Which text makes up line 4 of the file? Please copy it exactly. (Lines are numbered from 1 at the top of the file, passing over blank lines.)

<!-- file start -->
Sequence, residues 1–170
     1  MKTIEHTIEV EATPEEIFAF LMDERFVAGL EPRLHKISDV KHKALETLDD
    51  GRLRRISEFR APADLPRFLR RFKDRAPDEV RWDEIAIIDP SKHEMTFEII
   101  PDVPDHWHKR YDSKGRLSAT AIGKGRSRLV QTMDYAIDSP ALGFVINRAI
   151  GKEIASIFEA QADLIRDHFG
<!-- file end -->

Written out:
   101  PDVPDHWHKR YDSKGRLSAT AIGKGRSRLV QTMDYAIDSP ALGFVINRAI